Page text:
With the arrival of summer, the number of diarrhoea patients in and around the capital has gone up steeply this month compared to last month.
A total of 14,203 patients received treatment at the International Centre for Diarrhoeal Disease Research, Bangladesh (icddr,b) in the first 18 days of this month, meaning as many as 789 patients were treated daily on average, up from the last month’s daily average of 504.
Experts mainly attributed this rise in diarrhoea cases to consumption of unsafe water and food by the people.
Foodborne illness peaks in the summer because foodborne bacteria grow fastest at temperatures between 32 to 43 degrees Celsius. During the summer months, the warmer temperatures and higher humidity are ideal for bacterial growth, according to Food Safety and Inspection Service of the USA.
The Dhaka Met office said the capital yesterday recorded the highest temperature of the month -- 35.4 °C.
Last year, the highest temperature in April was 36.5 °C.
Dr Azharul Islam Khan, chief physician and head of hospitals at the icddr,b, said the number of diarrhoea patients increased this year compared to last year.
Patients were mainly coming from the city’s Jatrabari, Dakkhin Khan, Mirpur, Mohammadpur, Tejgaon, Badda, Khilgaon and Lalbagh areas, he told The Daily Star.
Azharul said a tent was set up on the hospital premises around two weeks ago to accommodate additional patients, which increased their capacity to 923 patients from 675.
He said they would further enhance the capacity if needed.
The physician suspected that poor quality of supply water in some city areas might have led to the rise in diarrhoea cases.
He advised people with diarrhoea symptoms to have oral saline and visit the nearest hospital at the earliest if the condition deteriorates.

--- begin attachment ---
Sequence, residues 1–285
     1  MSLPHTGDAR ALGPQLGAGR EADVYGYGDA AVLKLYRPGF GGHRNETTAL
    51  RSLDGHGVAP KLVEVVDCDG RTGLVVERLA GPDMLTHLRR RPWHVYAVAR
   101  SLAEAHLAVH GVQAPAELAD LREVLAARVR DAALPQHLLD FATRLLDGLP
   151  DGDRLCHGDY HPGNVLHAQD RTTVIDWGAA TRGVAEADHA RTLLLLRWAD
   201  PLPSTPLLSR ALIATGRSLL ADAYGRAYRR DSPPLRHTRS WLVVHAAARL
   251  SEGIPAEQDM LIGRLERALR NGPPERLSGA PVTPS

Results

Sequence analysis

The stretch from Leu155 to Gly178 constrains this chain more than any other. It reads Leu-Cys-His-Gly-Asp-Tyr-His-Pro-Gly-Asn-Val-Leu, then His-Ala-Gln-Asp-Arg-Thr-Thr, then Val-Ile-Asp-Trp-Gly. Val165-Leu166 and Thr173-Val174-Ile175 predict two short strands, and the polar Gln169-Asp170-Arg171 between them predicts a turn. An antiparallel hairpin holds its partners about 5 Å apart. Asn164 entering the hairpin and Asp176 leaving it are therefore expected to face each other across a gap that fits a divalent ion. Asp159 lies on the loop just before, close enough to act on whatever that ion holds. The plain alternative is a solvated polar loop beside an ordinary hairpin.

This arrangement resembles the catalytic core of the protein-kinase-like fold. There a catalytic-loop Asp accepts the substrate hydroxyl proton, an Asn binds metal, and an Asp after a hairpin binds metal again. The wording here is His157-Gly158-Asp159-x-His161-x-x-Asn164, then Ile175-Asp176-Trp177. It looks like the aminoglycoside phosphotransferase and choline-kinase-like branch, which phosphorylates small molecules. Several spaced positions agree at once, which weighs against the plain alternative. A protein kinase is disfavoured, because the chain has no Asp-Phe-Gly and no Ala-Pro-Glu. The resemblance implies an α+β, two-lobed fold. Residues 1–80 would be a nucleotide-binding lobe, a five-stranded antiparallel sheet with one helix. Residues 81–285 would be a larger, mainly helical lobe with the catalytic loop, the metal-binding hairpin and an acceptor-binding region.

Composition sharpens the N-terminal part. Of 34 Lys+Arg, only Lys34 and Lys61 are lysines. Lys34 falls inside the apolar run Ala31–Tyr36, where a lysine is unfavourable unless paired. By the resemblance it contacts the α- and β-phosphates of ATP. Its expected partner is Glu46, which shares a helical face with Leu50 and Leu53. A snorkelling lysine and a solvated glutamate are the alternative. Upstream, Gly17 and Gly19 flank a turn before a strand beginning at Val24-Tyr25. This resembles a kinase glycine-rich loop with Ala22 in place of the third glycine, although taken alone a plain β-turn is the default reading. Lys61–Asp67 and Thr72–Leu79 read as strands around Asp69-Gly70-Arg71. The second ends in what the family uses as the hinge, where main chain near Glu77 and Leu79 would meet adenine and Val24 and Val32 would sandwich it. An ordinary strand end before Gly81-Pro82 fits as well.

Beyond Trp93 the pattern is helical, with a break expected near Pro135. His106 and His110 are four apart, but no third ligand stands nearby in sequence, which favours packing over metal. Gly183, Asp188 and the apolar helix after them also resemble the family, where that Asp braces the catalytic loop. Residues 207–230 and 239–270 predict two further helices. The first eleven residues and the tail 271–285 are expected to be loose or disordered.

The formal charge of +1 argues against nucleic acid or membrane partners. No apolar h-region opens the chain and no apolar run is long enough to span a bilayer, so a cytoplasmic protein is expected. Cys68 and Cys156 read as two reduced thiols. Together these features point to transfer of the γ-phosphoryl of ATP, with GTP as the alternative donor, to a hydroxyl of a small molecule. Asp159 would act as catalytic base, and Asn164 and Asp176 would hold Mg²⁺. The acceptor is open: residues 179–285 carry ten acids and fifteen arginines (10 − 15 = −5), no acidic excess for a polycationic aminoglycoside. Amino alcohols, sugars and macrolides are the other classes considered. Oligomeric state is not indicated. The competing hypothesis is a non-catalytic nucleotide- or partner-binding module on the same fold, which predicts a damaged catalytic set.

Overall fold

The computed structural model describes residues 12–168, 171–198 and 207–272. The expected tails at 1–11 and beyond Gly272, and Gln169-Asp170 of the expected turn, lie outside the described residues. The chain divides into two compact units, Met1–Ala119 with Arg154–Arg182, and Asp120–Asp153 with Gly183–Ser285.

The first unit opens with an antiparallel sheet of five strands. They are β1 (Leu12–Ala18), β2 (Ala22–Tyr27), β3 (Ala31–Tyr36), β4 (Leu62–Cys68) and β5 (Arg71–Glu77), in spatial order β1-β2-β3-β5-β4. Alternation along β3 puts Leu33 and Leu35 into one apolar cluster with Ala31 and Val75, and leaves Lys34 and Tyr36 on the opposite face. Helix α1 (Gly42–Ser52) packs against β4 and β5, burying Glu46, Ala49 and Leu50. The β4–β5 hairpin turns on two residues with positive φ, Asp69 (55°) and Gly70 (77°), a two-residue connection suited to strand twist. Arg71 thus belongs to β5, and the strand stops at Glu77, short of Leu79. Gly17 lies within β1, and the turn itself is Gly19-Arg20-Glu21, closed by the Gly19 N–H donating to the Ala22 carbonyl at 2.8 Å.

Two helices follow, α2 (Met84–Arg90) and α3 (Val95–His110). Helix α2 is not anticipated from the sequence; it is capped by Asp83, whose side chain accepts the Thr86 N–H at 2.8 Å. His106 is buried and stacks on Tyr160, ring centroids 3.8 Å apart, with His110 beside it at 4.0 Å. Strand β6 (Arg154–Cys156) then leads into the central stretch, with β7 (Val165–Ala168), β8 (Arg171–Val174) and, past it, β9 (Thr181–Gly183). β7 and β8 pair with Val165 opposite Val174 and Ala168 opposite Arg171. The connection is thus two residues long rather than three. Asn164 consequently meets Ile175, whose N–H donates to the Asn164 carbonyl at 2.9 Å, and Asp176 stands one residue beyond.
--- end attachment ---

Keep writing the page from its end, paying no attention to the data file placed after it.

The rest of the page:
He also suggested that breastfeeding mothers should feed their babies properly and take fresh food and water to avoid getting diarrhoea.
Taqsem A Khan, managing director of Dhaka Water Supply and Sewerage Authority, said there were no coliform or fecal coliform bacteria in Wasa water.
Claiming Wasa water to be 100 percent safe for drinking, he said these bacteria, which are responsible for diarrhoea, can grow in water reservoirs of buildings if those are not cleaned for long.
Visiting the icddr,b yesterday, this correspondent found that patients, mostly adults from lower and middle income groups, were receiving treatment.
Shajahan, a pick-up van driver from Kuril area, said his wife had been undergoing treatment for the last three days. His 10-year-old elder daughter was looking after the younger one at home.
“But five-year-old Sia Moni also fell sick and was admitted to the hospital today [yesterday],” said the father of the two.
Rahima Begum, a 30-year-old patient from Gabtali, came to the icddr,b yesterday morning.
Her mother Renu Begum said they had to bring drinking water from a nearby mosque for the last three months due to bad odour in the Wasa water.
Abul Hossain, owner of a medical store on Satis Sarkar Road in the city’s Gandaria, said sale of oral saline has increased by about 30 percent at his store in the last couple of weeks.